"In some images, claims Deleuze, we see the point of indiscernibility itself - in what he calls time crystals, whosr corresponding signs are halyosigns (from Greek hyalos, glass). Bergson once again provides Deleuze with much of the scaffolding for his analysis. Bergson examines the uncanny phenomenon of déjà-vu and concludes that this uneasy and vague sense of having already experienced a present event stems from the fundamental nature of time, perception and memory. Bergson...argues that memories and perceptions must be qualitatively different from each other. He asks, When is a memory formed? And his conclusion is such that such an event must take place in the present - in the future makes no sense, and if at some juncture in the past, there would be a memoryless "dead zone" between the present and the whatever point in the past one should choose as the initial memory formation. There must then, be a "memory of the present",a virtual-image that co-exists with each perception-image in the present, a virtual double that is like a reflection in a mirror.
Deleuze insists, that Bergson's virtual domain, though mental and reflective, is noot that of personal subjectivity. In his first book, Bergson does conceive of memory in terms of an individual consciousness, but in Matter and Memory and Creative Evolution, he argues that the past preserves itself by and in itself, that the past exists as a single domain and hence as a kind of gigantic memory. The ocean of memory is the virtual past, which gushes forth at each present moment in a perpetual foundation of time.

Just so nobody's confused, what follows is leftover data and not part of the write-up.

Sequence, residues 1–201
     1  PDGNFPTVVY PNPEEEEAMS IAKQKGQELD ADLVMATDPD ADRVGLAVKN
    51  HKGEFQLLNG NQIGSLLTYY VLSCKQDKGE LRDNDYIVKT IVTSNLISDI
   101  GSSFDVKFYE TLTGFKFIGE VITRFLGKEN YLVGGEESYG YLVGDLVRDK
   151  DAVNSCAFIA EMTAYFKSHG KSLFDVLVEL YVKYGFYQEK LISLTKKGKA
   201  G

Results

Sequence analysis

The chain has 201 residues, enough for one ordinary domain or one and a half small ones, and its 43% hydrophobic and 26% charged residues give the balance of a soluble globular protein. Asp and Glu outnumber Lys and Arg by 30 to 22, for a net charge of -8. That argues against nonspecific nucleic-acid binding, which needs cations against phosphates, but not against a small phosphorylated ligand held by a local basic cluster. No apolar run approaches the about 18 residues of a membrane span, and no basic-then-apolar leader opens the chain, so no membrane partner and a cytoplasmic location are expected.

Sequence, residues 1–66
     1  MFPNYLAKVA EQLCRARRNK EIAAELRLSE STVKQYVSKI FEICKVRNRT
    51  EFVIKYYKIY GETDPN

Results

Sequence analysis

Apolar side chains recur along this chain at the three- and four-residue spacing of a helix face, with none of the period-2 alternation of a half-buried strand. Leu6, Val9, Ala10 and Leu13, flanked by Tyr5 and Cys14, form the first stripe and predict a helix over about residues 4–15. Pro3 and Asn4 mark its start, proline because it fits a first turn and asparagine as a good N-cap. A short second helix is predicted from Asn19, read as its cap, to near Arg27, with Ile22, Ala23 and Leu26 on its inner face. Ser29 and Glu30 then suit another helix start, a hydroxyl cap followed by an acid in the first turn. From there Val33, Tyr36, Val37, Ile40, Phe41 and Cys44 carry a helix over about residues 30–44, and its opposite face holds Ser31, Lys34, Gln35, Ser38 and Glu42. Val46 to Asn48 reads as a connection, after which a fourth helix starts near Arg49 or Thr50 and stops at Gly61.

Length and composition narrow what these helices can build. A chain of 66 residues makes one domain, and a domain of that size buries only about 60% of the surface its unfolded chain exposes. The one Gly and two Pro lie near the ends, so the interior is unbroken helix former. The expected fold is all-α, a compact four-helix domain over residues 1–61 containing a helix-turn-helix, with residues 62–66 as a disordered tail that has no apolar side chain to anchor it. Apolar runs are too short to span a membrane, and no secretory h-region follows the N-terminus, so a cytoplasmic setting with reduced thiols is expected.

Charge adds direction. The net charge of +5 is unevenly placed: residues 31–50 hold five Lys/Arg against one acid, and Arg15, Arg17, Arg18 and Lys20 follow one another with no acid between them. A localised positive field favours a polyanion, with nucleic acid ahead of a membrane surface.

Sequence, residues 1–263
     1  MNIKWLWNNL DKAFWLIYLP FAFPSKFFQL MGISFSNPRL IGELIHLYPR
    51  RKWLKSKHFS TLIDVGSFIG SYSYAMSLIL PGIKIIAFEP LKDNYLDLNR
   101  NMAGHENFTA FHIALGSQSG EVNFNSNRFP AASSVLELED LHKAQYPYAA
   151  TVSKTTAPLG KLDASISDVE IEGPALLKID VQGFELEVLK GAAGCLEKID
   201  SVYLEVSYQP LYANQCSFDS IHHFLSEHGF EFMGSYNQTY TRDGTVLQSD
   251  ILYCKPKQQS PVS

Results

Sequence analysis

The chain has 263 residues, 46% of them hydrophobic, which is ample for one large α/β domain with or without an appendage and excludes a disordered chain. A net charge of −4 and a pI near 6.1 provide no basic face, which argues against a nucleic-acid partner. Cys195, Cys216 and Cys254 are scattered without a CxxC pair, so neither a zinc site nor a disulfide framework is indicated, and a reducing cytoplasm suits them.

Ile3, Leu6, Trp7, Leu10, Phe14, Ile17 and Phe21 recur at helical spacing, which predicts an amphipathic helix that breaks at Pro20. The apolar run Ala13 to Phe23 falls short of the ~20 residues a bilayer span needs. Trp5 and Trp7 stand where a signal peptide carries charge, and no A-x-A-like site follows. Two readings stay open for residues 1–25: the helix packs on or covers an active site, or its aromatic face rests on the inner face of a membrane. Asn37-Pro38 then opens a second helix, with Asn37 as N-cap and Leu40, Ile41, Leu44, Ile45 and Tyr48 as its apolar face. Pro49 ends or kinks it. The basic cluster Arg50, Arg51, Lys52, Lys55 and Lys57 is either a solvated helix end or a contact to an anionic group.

In Bergson's schema of attentive recollection, the smallest circuit is labeled AO, and the absence of an A' is explained by the fact that perception, when seized in this marrowest instant if the present, allows no clear separation of A from O. The present is immediately double, an actual present perception and a virtual memory of the present, a mobile mirror that is the ongoing splitting and coexistence or actual and virtual, physical and mental, present and past. Though expressed as two terms, AO is a two-in-one, a point of indiscernibility. Like a mirror image that joins actual object and virtual reflection, the point of indiscernibility is an "objective illusion", not something simply "in our heads"; it is a real doubling in which virtual and actual are distinct but unassignable, in a relation of "mutual presupposition" or "reversibility"".
Ronald Bogue, Deleuze On Cinema, pp. 117 - 118, Routledge 2003 (abridged)
Fig. 1: www.arch.columbia.edu/file/52657/